Czech foreign affairs minister summons H.E. Sergei Kiselev to explain blacklist, controversial 1968 documentary
Czech Foreign Affairs Minister Lubomír Zaorálek has summoned Russian Ambassador Sergei Kiselev this afternoon to explain the list of the European Union countries’ officials, including four Czechs, whom Russia has barred from entry, the ministry’s spokeswoman Michaela Lagronová has told the Czech News Agency.
Zaorálek (Social Democrats, ČSSD) also wants Kiselev to explain a Russian documentary on the Soviet-led invasion of Czechoslovakia in 1968, which crushed the then–Prague Spring communist reform movement, Lagronová said.
Experts say the documentary distorts history.
She said Zaorálek is indignant at the documentary, which the Rossia 1 state television recently broadcast.
Moscow’s list of 89 diplomats and politicians from the EU who have been banned from entry includes former Czech Foreign Affairs Minister Karel Schwarzenberg, deputy Marek Ženíšek (both TOP 09), MEP Jaromír Štětina and former Czech EU commissioner Štefan Füle.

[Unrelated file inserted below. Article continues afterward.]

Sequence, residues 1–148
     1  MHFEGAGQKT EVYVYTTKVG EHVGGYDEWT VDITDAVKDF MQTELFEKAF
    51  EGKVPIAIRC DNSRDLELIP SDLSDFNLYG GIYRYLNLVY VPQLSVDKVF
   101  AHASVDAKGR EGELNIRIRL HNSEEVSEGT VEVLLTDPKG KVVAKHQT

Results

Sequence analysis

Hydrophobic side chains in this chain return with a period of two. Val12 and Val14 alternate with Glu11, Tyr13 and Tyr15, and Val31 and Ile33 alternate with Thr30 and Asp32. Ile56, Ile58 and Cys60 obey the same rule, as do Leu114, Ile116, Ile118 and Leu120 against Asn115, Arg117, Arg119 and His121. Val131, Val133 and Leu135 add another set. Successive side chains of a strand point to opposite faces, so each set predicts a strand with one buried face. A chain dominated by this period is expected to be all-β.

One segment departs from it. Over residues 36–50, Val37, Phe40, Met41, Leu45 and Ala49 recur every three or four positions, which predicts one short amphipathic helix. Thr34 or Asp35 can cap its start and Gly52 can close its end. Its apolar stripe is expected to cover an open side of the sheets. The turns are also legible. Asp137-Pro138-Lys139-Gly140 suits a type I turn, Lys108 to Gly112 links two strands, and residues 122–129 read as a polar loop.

Czech Prime Minister Bohuslav Sobotka (ČSSD) has said the blacklist is Moscow’s reaction to the sanctions the EU has imposed against Russia over its approach to Ukraine.
The documentary on “the declassified aspects” of the Warsaw Pact’s history presents the grouping as one that defended the Soviet Union’s allies against an “aggressive” NATO.
In this spirit, the film advocates the Warsaw Pact’s invasion of Czechoslovakia in August 1968 as a “really serious test of the Warsaw Pact’s united armed forces.”
Historians say the documentary marks a return to the former Soviet Union’s propaganda.
The documentary has been condemned by the Slovak Foreign Ministry.
“The broadcasting of the documentary, which tries to rewrite history and distort the historical truth about the dark chapter of our history, harms the declared good Slovak-Russian relationship. … We insist on the need to respect the truth about the events of 1968, which meant a big and long-lasting tragedy for Czechoslovakia and its citizens,” the Slovak ministry said in a statement.